And what about the Senate Republicans? Where do they stand? Or the voters? Are they willing to face reality or will they continue to demand more government than they are willing to pay for?

Paul Ryan has grasped reality with both hands. He’s forcing everybody else to do the same.

More later; Concord is working on our press release. (UPDATE: here it is.)

17 Responses to “Ryan’s “Path to Prosperity””

  1. comment number 1 by: Vivian Darkbloom

    Looks like David Brooks was on to something. Paul Krugman is very busy with savage demogoguery. Here’s his latest suggestion on how to lead a constructive adult conversation:

    “”And let’s be frank: Obama still, after all that has happened, seems devoted to the dream of transcending partisanship, a dream he tries to serve by being nice to Republican ideas no matter how terrible those ideas are”.

  2. comment number 2 by: John Q.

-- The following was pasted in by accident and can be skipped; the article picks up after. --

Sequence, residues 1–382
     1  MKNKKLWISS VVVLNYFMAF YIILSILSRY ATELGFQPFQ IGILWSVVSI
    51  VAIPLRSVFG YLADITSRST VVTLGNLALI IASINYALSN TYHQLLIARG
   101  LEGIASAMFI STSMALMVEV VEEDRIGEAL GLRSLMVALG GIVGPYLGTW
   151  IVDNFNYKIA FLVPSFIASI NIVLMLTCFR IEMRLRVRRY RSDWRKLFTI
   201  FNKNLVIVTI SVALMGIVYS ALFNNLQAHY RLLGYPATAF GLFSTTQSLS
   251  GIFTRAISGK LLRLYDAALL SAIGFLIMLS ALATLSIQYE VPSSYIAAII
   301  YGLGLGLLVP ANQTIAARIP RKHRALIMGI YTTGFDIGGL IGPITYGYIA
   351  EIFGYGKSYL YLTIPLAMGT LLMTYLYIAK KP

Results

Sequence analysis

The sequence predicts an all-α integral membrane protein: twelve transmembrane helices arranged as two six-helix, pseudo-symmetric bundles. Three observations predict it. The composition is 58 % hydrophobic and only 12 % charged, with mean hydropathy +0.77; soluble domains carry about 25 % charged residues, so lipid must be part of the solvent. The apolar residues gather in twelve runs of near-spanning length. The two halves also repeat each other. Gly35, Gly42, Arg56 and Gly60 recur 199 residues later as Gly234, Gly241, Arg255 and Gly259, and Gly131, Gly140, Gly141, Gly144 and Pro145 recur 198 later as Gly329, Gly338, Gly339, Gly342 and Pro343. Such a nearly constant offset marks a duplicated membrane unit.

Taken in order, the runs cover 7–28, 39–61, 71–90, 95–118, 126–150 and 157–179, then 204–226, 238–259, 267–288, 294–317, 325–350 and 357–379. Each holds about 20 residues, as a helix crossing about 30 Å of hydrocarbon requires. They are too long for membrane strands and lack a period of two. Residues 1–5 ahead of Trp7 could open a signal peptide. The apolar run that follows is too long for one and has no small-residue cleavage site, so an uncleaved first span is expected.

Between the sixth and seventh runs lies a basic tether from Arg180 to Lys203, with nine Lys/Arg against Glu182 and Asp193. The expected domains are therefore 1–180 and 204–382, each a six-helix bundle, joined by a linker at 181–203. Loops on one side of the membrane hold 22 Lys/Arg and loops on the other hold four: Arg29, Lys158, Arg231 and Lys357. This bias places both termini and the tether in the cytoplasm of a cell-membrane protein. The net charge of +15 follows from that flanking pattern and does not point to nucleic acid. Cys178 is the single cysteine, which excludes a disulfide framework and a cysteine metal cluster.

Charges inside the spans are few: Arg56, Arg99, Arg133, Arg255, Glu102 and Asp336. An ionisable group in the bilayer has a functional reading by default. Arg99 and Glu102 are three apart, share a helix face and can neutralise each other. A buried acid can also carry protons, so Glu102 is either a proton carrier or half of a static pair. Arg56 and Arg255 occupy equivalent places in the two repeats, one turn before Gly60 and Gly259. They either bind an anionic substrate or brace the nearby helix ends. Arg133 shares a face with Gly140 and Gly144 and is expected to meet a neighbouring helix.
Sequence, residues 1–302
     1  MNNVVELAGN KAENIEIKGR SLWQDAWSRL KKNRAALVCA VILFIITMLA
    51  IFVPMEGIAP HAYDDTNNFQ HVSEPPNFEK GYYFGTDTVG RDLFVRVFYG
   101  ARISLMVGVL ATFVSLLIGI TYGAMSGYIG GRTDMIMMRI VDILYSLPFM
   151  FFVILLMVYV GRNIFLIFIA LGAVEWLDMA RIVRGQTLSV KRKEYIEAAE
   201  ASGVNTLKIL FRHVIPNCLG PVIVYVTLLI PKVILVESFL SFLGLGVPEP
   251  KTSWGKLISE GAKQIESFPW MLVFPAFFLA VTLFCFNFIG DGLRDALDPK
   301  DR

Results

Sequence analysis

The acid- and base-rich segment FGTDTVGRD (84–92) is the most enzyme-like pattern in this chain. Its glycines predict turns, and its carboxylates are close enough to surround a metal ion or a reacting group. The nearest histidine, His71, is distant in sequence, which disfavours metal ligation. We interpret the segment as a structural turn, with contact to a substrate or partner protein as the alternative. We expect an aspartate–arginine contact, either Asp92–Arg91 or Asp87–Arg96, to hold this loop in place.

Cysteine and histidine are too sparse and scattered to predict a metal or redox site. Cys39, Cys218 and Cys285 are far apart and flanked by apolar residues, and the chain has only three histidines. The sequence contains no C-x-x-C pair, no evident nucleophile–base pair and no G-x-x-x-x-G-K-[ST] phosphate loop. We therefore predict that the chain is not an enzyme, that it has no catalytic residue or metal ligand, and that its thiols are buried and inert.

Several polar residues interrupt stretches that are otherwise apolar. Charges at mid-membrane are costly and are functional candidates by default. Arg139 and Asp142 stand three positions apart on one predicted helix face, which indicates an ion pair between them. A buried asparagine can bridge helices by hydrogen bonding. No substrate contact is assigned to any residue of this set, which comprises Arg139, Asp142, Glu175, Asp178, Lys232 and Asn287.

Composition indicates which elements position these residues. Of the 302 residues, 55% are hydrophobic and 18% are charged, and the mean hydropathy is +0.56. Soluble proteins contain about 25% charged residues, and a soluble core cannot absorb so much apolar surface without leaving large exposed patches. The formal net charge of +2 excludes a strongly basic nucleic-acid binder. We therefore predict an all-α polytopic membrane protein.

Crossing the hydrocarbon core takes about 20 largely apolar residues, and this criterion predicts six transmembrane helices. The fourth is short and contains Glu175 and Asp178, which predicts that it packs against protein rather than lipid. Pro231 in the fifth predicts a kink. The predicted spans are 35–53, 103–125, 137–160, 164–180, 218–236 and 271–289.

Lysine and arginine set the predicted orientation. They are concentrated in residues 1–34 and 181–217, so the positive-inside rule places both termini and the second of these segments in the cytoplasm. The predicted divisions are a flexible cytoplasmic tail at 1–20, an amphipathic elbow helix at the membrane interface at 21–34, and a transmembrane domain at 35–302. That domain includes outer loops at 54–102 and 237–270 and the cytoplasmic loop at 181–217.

Anyone whose plan “fixes” the national debt on the backs of those least able to pay for it (poor, disabled, elderly) isn’t part of an “adult conversation”. When we talk about providing care for Grandma, we don’t look for ways to shift the costs for her care onto her nor onto the backs of family members who can’t afford to help out. How about in your household?

  3. comment number 3 by: Jason Seligman

    A really great post Diane - lots of food for thought… Ryan’s message is clear and well delivered, you enhance it by better pointing out what was otherwise left unsaid — that House Republicans wish to balance the budget in the context of current-or-lower revenues, as a percent of GDP.

    Notice that a series of successful spending cuts make any fundamental tax reform less likely than otherwise…

    I think the generally taxpayer is agnostic about the sanctity of “18%” as a number but a case need be made to motivate increases. Actually the focus on this and the “27%” personal and top rates as further homage to history are both a bit naive, but they do offer goal posts that are useful for all of us to consider as we evaluate the hard work ahead.